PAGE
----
Scientists have uncovered a shocking surprise about Saturn’s ice-spewing satellite Enceladus: the little 318-mile-wide moon creates a loop of electrically-charged particles that run from its north and south poles all the way up and over to Saturn’s north and south poles, forming a giant electron beam connecting the gas planet and its icy moon. Where the electron particles connect with Saturn’s northern atmosphere astronomers have identified an ultraviolet “footprint”, about the size of the state of California. (A corresponding footprint near Saturn’s south pole has not yet been identified.)
Using Cassini data from 2008 this planet-moon connection has just recently been confirmed and published in the journals Nature and Geophysical Research Letters.
“The footprint discovery at Saturn is one of the most important fields and particle revelations from Cassini and ultimately may help us understand Saturn’s strange magnetic field. It gives us the first visual connection between Saturn and one of its moons.”
– Marcia Burton, a Cassini fields and particles scientist at NASA’s Jet Propulsion Laboratory
While bright in ultraviolet radiation, the footprint is invisible to our eyes. Were we able to see it, it would be similar in brightness to “normal” auroral lights in our own northern skies, whereas Saturn’s own actual aurorae are much, much brighter.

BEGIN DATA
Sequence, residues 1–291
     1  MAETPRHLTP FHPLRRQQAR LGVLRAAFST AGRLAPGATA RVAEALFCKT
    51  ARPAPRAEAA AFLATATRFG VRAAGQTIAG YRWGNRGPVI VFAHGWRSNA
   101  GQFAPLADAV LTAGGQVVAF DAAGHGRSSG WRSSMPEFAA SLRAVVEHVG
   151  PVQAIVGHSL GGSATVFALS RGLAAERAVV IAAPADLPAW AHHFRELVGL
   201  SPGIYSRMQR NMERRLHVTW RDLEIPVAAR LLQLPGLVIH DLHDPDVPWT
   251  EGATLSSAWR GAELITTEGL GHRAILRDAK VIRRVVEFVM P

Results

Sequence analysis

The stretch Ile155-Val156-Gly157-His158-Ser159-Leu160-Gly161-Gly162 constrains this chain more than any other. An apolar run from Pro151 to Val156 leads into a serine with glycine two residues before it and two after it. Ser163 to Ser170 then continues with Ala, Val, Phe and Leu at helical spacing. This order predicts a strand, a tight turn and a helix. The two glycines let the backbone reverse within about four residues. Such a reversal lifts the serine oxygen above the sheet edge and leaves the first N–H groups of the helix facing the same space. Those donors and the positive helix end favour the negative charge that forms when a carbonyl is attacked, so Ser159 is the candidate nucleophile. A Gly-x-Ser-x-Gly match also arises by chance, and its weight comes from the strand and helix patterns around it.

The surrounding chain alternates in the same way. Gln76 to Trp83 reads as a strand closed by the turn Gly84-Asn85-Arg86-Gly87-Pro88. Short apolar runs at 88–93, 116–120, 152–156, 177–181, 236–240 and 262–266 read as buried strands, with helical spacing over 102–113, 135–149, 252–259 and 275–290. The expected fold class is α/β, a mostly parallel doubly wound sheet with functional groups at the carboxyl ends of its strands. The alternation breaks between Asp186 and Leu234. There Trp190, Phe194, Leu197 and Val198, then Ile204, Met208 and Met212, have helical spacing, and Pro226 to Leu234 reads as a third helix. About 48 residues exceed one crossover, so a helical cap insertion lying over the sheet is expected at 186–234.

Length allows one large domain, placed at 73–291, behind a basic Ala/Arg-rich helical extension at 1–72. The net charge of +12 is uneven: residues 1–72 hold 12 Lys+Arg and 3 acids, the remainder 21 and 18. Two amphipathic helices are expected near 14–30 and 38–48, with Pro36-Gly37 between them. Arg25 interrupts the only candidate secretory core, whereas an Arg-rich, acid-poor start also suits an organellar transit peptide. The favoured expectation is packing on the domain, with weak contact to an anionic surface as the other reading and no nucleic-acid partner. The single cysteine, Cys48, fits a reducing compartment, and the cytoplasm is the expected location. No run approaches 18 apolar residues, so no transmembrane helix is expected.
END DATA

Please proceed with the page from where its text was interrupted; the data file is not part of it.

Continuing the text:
This electric connection may be caused by ionized water-ice particles sprayed into orbit by Enceladus, which then interact with Saturn’s powerful magnetic field lines.
The footprint signature on Saturn varies in size and brightness, leading scientists to believe that Enceladus’ rate of spray also varies…providing a roundabout way to answer that question!
“Scientists have been wondering whether the venting rate is variable, and these new data suggest that it is.”
– Abigail Rymer, Cassini team scientist, Johns Hopkins University Applied Physics Laboratory
Also, data collected in 2009 provided not only visible data on the electrical circuit but also audio information! The clip below presents enhanced audio signals created by the electrons moving along the beam from Enceladus to Saturn (if there’s no video below, click here):
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Creepy! But also very cool.
Now that’s what I call shock and awe! 🙂
Image credit: NASA/JPL/Space Science Institute